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    Breath Test May Spot Lung Cancer

    Researchers report test could also differentiate early and late stages of the disease

    WebMD News from HealthDay

    By Dennis Thompson

    HealthDay Reporter

    MONDAY, June 2, 2014 (HealthDay News) -- People may soon be able to learn whether or not they have lung cancer -- and how bad their cancer is -- by breathing into a tube.

    Researchers have developed a breathalyzer that can detect lung cancer and assess whether it is early or advanced, according to findings presented this weekend at the American Society of Clinical Oncology meeting in Chicago.

    The device accurately detected lung cancer in four out of five cases, researchers reported.

    "Cancer cells not only have a different and unique smell or signature, you can even discriminate between subtypes and determine disease burden," said study author Dr. Nir Peled, an oncologist with the Davidoff Cancer Center in Israel. "The more tumor you have, the more robust signature you produce."

    A new, smaller version of the device has since been developed that can plug into a computer's USB port, Peled said.

    "This could totally revolutionize lung cancer screening and diagnosis" by providing a "nontraumatic, easy, cheap approach to early detection and differentiation of lung cancer," said study co-author Dr. Fred Hirsch, an investigator at the University of Colorado Cancer Center and professor at the University of Colorado School of Medicine in Denver.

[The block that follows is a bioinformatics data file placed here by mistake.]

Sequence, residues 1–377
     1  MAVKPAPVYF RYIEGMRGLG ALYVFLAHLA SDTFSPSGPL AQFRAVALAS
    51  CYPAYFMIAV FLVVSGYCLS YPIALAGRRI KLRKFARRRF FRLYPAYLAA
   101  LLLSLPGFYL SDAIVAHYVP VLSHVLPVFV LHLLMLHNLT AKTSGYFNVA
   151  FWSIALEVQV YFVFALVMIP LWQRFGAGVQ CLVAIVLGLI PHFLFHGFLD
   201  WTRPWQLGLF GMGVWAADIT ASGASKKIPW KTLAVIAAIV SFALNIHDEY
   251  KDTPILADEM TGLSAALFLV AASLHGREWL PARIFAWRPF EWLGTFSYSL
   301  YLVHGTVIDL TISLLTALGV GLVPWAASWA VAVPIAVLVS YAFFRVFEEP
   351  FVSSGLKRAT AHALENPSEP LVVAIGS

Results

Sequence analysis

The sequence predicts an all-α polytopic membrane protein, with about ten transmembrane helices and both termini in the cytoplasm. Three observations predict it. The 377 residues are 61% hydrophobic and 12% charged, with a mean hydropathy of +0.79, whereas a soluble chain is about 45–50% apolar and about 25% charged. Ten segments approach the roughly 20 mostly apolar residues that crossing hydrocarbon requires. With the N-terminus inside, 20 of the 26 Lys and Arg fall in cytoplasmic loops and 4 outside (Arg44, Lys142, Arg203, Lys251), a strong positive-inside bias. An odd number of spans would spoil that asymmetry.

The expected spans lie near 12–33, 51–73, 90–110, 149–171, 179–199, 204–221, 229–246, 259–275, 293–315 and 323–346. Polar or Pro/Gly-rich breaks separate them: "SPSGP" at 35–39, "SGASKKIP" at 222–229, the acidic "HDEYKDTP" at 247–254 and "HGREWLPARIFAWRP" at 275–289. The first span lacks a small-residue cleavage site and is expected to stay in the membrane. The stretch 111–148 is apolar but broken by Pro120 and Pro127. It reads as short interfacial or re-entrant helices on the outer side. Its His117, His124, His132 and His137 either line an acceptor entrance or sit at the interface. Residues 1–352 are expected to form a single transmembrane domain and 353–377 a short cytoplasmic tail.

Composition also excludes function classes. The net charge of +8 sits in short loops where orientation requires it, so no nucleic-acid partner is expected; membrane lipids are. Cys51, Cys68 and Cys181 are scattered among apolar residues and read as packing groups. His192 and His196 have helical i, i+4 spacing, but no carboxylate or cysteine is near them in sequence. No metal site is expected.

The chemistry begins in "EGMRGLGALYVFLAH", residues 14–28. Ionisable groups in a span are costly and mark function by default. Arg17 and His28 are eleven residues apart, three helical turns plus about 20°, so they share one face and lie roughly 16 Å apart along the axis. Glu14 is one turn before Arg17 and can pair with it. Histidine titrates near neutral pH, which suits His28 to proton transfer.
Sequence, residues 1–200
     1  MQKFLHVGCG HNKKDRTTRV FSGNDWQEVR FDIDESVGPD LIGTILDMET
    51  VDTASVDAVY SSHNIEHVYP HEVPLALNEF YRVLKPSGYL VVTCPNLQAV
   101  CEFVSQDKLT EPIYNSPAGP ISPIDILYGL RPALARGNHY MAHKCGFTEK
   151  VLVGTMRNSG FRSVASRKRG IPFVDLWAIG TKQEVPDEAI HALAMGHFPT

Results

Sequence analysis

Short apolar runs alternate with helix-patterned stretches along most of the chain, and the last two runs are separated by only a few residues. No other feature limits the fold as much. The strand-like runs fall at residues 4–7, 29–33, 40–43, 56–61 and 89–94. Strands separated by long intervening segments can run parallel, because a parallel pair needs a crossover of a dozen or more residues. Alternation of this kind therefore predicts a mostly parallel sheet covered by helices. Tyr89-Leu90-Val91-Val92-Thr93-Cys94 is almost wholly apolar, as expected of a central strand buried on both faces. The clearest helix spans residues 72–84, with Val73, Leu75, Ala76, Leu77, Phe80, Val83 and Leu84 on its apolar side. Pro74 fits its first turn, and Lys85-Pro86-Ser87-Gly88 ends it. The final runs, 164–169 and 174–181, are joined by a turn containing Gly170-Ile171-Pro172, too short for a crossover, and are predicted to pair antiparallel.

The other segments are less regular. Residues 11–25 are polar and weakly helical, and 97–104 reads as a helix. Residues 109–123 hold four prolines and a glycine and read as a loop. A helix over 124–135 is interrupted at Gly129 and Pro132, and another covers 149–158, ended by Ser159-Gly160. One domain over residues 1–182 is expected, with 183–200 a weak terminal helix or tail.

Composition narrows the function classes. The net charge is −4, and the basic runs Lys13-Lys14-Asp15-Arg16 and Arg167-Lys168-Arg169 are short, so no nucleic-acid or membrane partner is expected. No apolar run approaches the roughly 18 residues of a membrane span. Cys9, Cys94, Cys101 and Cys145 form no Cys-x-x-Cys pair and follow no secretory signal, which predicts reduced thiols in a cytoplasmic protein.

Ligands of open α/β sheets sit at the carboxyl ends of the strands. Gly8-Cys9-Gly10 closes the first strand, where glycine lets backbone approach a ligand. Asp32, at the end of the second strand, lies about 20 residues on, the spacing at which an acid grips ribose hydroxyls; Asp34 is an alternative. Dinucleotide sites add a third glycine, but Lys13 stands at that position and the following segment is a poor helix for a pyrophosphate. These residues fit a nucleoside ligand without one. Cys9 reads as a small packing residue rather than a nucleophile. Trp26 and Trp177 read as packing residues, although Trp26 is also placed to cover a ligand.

Lung cancer is the United States' top cancer killer, in large part because symptoms don't appear until the disease has advanced to the point where it is incurable.

    In 2010, 158,248 people in the United States died from lung cancer, including 87,698 men and 70,550 women, according to the U.S. Centers For Disease Control and Prevention.

    The potential of a breath test for lung cancer is "certainly exciting," said Dr. Jyoti Patel, an ASCO spokeswoman and an oncologist at the Robert H. Lurie Comprehensive Cancer Center of Northwestern University in Chicago. "We know that screening people for lung cancer can substantially impact survival. If we can do it cheaply, this would be a go-to test."

    Lung cancer tumors produce chemicals called volatile organic compounds, which easily evaporate into the air and produce a discernable scent profile.

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